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United States v. Boykin

United States District Court, N.D. Iowa, Western Division

April 2, 2014



LINDA R. READE, District Judge.


The matter before the court is Defendant Trey Michael Boykin's "Motion for Judgment of Acquittal or in the Alternative a New Trial" ("Motion") (docket no. 102).


On October 24, 2013, a grand jury returned a six-count Superseding Indictment (docket no. 47) against Defendant and Gerry Alan Patterson. Count 1 charged Defendant with conspiring to distribute marijuana in violation of 21 U.S.C. §§ 841(a)(1), 841(b)(1)(D) and 846. Count 2 charged Defendant with willfully and unlawfully seizing, confining, inveigling, decoying, kidnapping, abducting and carrying away and holding R.W. by a means, facility and instrumentality of interstate commerce in violation of 18 U.S.C. § 1201. Count 3 charged Defendant with possessing and brandishing and aiding and abetting the possession and brandishing of a firearm in furtherance of the kidnapping in violation of 18 U.S.C. §§ 2 and 924(c)(1)(A). Count 6 charged Defendant with knowingly possessing or aiding and abetting the possession of a firearm while being an unlawful user of a controlled substance in violation of 18 U.S.C. §§ 922(g)(3) and 924(a)(2). The Superseding Indictment also included a forfeiture allegation.

On January 21, 2014, a jury trial commenced on Counts 1, 2, 3 and 6 of the Superseding Indictment as to Defendant. On January 22, 2014, at the close of the government's evidence and at the close of all evidence, Defendant moved for a judgment of acquittal pursuant to Federal Rule of Civil Procedure 29. January 22, 2014 Minute Entry (docket no. 93). The court denied such motion as to Count 1, struck the aiding and abetting language from Count 6 and reserved ruling as to Counts 2 and 3. Id. On January 23, 2014, the jury returned guilty verdicts as to Counts 1 and 2 and not guilty verdicts as to Counts 3 and 6. Jury Verdicts (docket no. 97).

On January 28, 2014, Defendant filed the Motion in which Defendant requests that the court grant a judgment of acquittal or a new trial on Counts 1 and 2. On February 4, 2014, the government filed a Resistance (docket no. 103). The matter is fully submitted and ready for decision.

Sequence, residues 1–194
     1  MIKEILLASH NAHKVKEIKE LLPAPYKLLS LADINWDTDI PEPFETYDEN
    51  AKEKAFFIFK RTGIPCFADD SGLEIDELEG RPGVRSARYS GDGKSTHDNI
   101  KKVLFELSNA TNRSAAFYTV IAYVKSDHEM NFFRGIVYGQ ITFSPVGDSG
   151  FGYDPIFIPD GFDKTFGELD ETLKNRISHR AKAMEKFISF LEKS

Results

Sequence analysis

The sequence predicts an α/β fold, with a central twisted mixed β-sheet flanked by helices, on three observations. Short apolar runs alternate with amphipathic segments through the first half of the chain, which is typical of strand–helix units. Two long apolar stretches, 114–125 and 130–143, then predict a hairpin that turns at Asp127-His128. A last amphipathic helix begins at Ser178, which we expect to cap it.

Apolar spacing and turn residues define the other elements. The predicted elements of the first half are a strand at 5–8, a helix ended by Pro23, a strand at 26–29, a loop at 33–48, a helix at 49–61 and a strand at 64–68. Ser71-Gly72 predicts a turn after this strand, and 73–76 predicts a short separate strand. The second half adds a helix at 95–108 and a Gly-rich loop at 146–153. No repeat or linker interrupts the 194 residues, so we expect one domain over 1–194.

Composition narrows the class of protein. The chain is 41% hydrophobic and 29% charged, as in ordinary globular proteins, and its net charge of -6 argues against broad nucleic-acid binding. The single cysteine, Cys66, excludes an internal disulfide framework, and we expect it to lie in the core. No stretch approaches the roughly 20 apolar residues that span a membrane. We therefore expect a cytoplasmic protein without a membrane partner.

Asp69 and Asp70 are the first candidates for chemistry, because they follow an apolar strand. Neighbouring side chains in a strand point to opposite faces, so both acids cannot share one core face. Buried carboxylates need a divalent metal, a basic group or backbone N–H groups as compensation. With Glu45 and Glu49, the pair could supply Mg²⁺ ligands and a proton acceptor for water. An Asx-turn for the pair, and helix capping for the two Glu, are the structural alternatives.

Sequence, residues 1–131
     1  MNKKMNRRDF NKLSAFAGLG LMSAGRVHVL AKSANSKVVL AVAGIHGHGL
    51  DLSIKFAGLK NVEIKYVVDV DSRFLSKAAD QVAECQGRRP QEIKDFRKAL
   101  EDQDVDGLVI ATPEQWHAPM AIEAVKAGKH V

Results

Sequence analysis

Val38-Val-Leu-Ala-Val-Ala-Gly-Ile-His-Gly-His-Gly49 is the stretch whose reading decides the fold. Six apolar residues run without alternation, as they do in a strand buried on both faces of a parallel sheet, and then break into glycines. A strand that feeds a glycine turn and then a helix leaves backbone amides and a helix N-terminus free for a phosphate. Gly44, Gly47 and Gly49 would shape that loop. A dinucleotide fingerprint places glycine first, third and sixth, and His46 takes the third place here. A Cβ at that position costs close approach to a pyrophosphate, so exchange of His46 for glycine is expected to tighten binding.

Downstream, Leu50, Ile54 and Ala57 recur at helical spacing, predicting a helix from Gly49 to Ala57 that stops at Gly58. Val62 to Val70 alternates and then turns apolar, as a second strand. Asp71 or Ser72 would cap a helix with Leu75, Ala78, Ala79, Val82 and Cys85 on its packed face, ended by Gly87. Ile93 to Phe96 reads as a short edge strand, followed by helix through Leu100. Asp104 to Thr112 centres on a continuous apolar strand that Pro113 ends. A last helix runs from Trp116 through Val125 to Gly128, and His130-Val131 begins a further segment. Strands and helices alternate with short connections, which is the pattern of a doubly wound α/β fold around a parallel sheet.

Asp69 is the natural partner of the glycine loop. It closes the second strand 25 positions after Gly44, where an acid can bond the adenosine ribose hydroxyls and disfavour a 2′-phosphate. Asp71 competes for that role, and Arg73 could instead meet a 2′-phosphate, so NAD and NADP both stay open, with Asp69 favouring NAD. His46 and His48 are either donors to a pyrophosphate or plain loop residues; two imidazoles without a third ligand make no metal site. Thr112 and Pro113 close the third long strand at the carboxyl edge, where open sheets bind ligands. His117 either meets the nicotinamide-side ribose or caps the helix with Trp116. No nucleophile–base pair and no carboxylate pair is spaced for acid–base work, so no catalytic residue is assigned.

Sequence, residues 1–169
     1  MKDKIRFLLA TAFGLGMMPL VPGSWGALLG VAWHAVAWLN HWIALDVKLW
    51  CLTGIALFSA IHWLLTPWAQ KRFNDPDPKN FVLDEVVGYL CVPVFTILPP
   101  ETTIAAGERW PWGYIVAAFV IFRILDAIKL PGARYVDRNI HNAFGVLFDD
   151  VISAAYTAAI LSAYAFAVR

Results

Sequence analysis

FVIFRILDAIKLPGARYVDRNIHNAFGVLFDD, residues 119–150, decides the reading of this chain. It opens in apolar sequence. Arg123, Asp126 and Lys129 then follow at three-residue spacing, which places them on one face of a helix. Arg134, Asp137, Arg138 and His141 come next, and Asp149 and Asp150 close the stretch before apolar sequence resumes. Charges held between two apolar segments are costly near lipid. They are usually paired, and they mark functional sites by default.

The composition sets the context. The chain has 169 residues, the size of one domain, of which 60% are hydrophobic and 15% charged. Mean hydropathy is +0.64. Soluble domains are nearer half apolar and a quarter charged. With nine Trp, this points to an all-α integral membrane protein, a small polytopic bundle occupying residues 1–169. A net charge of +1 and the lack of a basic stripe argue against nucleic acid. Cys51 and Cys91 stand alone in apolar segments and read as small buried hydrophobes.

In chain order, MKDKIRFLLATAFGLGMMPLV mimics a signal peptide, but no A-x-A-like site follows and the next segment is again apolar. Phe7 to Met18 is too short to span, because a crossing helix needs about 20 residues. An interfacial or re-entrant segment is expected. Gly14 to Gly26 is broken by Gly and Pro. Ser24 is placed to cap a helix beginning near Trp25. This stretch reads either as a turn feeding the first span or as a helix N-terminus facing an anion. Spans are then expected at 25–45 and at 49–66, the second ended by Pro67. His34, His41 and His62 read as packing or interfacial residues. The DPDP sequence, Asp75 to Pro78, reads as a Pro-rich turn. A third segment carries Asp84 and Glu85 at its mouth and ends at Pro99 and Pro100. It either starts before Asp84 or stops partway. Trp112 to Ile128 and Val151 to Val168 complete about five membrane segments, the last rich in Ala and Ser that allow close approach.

The trial evidence established that, between June 1, 2012 and February 25, 2013, Defendant sold distribution quantities of marijuana to R.W., a student at Briar Cliff University in Sioux City, Iowa, and R.W. then distributed the marijuana to his acquaintances at Briar Cliff University. Then, on or about February 25, 2013, R.W. contacted Defendant seeking more marijuana to distribute. Defendant contacted Gerry Patterson to obtain the marijuana, but Patterson did not have any marijuana. Despite not having marijuana, Defendant represented to R.W. that he would sell him marijuana. Defendant and Patterson drove to the Briar Cliff University campus in Defendant's vehicle and convinced R.W. to enter the vehicle. Defendant and Patterson then prevented R.W. from leaving the vehicle and drove several miles away from campus. Patterson pointed a firearm at R.W. and extracted approximately $300 from R.W.


A. Legal Standard

Federal Rule of Criminal Procedure 29 provides that "the court on the defendant's motion must enter a judgment of acquittal of any offense for which the evidence is insufficient to sustain a conviction." Fed. R. Crim. P. 29(a). Such a motion is permitted after trial, in which case the court may set aside the verdict and enter a judgment of acquittal. Fed. R. Crim. P. 29(c). It is well-settled that jury verdicts are not lightly overturned. See, e.g., United States v. Peneaux, 432 F.3d 882, 890 (8th Cir. 2005); United States v. Stroh, 176 F.3d 439, 440 (8th Cir. 1999). The court must view the evidence in the light most favorable to the government and give the government the benefit of all reasonable inferences. United States v. Peters, 462 F.3d 953, 957 (8th Cir. 2006). The court must uphold the jury's verdict so long as a reasonable-minded jury could have found the defendant guilty beyond a reasonable doubt. Id. Moreover, the court "must uphold the jury's verdict even where the evidence rationally supports two conflicting hypotheses' of guilt and innocence." Id. (quoting United States v. Serrano-Lopez, 366 F.3d 628, 634 (8th Cir. 2004)). It is not the province of the court to evaluate the credibility of witnesses-that task is for the jury. United States v. Hayes, 391 F.3d 958, 961 (8th Cir. 2004).

B. Analysis [1]

In his Brief in Support of the Motion, Defendant argues that he is entitled to a judgment of acquittal because the Indictment and Superseding Indictment failed to allege all the necessary elements constituting the offense of kidnapping because it did not include the language "for ransom or reward or otherwise." In response, the government argues that "[t]he any purpose' language is implicit in the current indictment... [because] [o]ne cannot knowing[ly] and willfully hold... an individual without a purpose." Resistance at 4. Neither Defendant nor the government have provided the ...

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